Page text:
During early recovery, it’s common for people to get bored easily. There is a lot of new down time that they don’t necessarily know how to fill. Someone who is in the early stages of recovery may be used to beating boredom by drinking or using substances, but they now have to think of creative ways to occupy themselves. Learning how to have fun and enjoy oneself while sober is incredibly important when it comes to sustaining recovery and preventing relapse.

Why Does Recovery Feel So Boring?

Obviously, people will become bored when they have more free time on their hands. Individuals in recovery are used to spending a majority of their time acquiring, buying, using, or recovering from drugs or alcohol. When they suddenly can’t spend time on things that they used to spend hours doing, they may not know how to fill their day. This feeling of boredom becomes especially strong about 2-4 months into recovery. At this point, people may realize that they don’t know how to occupy their time without doing drugs. They won’t necessarily feel any strong emotions or cravings related to drugs any longer, but they may feel a sense of emptiness without something that used to be such an essential part of their daily routine.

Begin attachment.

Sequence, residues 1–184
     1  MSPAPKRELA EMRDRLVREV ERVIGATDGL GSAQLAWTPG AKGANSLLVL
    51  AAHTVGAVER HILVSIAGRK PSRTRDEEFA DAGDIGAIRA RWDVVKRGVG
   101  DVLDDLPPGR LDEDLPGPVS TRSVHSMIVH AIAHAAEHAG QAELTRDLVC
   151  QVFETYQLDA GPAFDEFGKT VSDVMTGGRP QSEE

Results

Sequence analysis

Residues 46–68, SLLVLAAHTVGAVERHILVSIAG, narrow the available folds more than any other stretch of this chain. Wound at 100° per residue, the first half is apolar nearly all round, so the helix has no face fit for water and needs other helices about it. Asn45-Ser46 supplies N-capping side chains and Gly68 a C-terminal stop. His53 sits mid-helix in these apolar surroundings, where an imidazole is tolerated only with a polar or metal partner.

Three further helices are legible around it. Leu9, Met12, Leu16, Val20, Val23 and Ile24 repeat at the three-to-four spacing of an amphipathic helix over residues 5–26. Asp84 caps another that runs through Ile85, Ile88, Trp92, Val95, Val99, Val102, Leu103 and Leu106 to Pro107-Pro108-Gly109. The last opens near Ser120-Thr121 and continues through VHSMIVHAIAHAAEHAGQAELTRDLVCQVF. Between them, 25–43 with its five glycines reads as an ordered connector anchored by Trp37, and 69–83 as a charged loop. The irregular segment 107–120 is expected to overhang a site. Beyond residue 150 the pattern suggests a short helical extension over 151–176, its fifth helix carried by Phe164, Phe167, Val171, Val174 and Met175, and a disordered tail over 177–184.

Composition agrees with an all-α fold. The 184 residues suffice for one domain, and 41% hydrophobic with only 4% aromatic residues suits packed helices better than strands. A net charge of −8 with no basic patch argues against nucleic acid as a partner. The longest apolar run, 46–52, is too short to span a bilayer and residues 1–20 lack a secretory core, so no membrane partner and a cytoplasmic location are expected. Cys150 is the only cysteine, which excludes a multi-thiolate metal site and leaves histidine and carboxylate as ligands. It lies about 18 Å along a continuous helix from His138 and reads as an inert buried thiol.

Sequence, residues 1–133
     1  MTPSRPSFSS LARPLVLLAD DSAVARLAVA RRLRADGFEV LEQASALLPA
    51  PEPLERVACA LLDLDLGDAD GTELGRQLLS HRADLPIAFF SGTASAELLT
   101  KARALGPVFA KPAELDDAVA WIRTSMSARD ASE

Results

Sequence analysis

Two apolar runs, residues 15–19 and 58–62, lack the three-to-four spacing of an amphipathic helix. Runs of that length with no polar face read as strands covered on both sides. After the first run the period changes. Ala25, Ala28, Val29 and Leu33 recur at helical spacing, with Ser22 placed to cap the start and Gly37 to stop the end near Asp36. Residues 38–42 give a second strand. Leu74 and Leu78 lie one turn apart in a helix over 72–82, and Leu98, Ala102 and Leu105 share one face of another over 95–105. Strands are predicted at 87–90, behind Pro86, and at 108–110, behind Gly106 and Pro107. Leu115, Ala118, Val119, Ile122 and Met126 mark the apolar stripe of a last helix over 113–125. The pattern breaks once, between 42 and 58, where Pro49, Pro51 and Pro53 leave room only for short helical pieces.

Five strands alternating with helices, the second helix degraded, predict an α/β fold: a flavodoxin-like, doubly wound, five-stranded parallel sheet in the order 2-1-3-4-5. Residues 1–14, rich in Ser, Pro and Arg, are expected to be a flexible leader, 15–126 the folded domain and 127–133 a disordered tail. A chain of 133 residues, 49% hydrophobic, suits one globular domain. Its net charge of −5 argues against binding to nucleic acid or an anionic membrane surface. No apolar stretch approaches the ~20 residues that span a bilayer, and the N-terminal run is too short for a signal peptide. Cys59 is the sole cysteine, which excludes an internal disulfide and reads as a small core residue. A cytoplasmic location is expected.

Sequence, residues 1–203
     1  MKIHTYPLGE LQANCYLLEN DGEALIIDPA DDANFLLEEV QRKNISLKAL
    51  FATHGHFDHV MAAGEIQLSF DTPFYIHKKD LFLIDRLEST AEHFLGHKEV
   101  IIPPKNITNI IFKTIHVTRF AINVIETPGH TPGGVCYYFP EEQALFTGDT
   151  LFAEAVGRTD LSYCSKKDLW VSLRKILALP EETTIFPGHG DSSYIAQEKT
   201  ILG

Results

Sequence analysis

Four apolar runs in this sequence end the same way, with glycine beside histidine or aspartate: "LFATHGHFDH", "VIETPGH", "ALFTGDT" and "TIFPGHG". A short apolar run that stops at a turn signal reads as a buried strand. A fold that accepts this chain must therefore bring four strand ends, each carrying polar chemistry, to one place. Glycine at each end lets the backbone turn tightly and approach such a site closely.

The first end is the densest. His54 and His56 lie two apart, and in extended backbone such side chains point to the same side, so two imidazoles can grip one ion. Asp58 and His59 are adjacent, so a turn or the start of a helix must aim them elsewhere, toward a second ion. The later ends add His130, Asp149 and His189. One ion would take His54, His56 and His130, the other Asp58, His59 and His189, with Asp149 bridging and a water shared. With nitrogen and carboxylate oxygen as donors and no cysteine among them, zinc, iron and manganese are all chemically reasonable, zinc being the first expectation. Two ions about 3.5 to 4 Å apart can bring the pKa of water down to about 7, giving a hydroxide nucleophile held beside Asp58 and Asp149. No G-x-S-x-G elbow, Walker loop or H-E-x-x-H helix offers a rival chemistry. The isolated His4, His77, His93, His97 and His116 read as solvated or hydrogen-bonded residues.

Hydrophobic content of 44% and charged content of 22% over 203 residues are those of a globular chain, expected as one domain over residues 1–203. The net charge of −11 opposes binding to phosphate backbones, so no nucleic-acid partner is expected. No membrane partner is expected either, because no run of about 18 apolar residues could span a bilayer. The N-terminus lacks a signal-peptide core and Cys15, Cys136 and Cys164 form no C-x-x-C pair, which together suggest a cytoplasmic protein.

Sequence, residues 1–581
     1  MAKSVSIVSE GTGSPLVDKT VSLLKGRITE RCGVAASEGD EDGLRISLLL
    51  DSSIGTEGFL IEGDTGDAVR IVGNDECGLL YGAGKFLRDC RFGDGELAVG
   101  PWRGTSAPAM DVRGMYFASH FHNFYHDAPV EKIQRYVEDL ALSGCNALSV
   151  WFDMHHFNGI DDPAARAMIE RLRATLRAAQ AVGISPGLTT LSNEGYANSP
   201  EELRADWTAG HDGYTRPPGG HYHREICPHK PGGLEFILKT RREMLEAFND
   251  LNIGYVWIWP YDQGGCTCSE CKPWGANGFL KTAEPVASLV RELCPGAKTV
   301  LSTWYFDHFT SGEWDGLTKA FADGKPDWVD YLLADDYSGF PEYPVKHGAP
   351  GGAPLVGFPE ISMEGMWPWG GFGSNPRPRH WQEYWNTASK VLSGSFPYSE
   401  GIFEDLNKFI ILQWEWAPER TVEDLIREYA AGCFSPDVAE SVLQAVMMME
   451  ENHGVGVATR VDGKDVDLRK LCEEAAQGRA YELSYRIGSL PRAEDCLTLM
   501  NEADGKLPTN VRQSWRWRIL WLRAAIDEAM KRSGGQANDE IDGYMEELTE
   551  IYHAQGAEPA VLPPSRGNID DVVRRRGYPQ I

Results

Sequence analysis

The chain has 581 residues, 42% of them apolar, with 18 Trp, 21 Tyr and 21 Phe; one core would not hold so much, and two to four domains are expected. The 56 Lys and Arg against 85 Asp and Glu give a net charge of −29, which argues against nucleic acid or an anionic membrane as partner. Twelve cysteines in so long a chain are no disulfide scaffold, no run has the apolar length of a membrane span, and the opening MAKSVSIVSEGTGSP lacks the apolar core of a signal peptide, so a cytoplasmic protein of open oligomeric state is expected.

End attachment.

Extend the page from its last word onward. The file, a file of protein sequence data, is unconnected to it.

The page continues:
The Dangers of Being Bored During Recovery

Boredom is one of the most common relapse triggers. When someone with a substance abuse problem feels apathetic, they may gravitate toward drugs or alcohol. And even if they don’t, they could end up spending time with people from their past who are negative influences. If individuals in recovery do not know how to wisely manage their time, they could easily slide right back into their addiction simply because they thought they had nothing better to do.

How to Deal With Boredom in Recovery

If you are recovering from an addiction and don’t know how to beat boredom, there are many more ways to have fun while sober than you might think. Here are some ways to deal with boredom during the recovery process:

  1. Find or get back to hobbies. Think of what you’re good at and what you like. Some examples include doing improv or comedy, cooking, playing an instrument, painting, drawing, swimming, gardening, photography, singing, dancing, and more.
  2. Exercise and eat well. Notice how certain foods make you feel and try to stick with the ones that make your body feel good. Similarly, find a type of exercise that you enjoy.
  3. Spend time in the great outdoors. Go on a walk in the neighborhood, hike up a mountain, run a marathon, or even go for a bike ride in your local park.
  4. Give back. Help others with their recovery or volunteer with a charity.
  5. Practice structure. Create a daily routine and try to stick to it every day.

If you’re not sure where to start, talk to your therapist about wanting to find new ways to spend your time. Since they will know you well, they should be able to help you implement a routine that you will practice regularly and enjoy.

Battling Boredom: You Aren’t Alone

One of the most important things to remember is that there are people like you going through the same exact thing. Join a support group if you don’t already belong to one and spend time with the network of other sober people that you meet while you’re there.